Competency-based pathways (CBP) have the potential to open new opportunities for students to learn and demonstrate their learning in meaningful ways. To do this, students should be able to access engaging learning opportunities that are grounded in application and relevant to their career goals – a central focus of CTE. This is why state leaders should consider how to ensure that CBP and CTE systems are aligned and mutually reinforcing.

In fact, states that intentionally include CTE in their vision for CBP can use its inherently competency-based elements to help break down the classroom walls that separate academics from CTE, and by doing so, can value learning where it happens and create opportunities for teachers to collaborate and innovate.

Leverage points can include:

The brief also offers key points of consideration for states moving toward an integrated CBP system:

The brief includes state examples from Colorado, Connecticut, Illinois, Kentucky, Maine, Michigan, New Hampshire, Ohio, Oregon, Rhode Island, and Vermont. Read more about how states are implementing CBP here.

Andrea Zimmermann, State Policy Associate

By admin in Research
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CTE Research Review: Career Readiness for All

Wednesday, August 5th, 2015

PathleasttakenThe Center for Public Education has analyzed the National Center for Education Statistics’ Education Longitudinal Study to look at a student group that is often ignored in major research studies – the one in five students who do not immediately enroll in college after graduating from high school. Be sure to check out the first installment of this research series, which looked at the characteristics of this group.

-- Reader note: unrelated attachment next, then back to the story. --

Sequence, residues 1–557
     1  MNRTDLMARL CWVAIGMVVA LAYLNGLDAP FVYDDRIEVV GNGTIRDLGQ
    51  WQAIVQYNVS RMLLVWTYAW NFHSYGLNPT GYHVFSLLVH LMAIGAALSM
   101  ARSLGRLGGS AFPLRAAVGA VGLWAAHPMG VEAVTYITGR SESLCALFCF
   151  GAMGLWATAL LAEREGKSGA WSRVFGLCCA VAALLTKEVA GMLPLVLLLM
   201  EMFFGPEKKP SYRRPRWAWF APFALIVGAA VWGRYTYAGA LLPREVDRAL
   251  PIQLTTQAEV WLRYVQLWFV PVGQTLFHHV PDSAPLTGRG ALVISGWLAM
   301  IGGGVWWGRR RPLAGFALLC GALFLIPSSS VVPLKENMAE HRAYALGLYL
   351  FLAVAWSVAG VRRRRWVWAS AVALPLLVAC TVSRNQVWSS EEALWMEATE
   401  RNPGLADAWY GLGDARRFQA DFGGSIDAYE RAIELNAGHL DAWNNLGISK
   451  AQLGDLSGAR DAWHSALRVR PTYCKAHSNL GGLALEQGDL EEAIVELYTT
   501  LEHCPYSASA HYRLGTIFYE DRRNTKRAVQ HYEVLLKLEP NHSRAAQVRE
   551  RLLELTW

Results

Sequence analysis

Now, CPE has released its second installment – this time attempting to gain insight into “career readiness” for high school graduates by looking at various job-related and social outcomes of this same group of non-college goers by the time they reached age 26. In fact, the data showed that “credentials” and being well prepared in high school matter, particularly for non-college goers who:

Specifically, researchers found that advanced courses, such as Algebra 2 and advanced biology, and an CTE focus can have an impact on non-college going students’ likelihood to have a good job and engage in society. If those same students earn a professional credential, then the scale shifts in favor of the non-college goer, meaning they are actually more likely to be employed, earn good wages and vote than their peers who attended college. Further, better preparation also had a greater impact on black graduates than their white and Hispanic peers, showing that higher credentials can be the key to closing the employment and wage gap.

Rising to the Challenge?

A new survey from Achieve asked college faculty and employers who teach or hire recent high school graduates about their preparedness for college and careers. This is the second release of Achieve’s Rising to the Challenge survey. The first release, from late 2014, examined recent high school graduates’ views on their own preparedness. The full survey is an update to a similar survey Achieve conducted in 2004.

The results reveal many parallels to the students’ own responses – in short, that there is a pervasive opinion that public high schools are not doing enough to prepare students for the expectations they will face in college and the workplace. Contrast those responses with those from the 2004 survey, and the picture becomes even bleaker.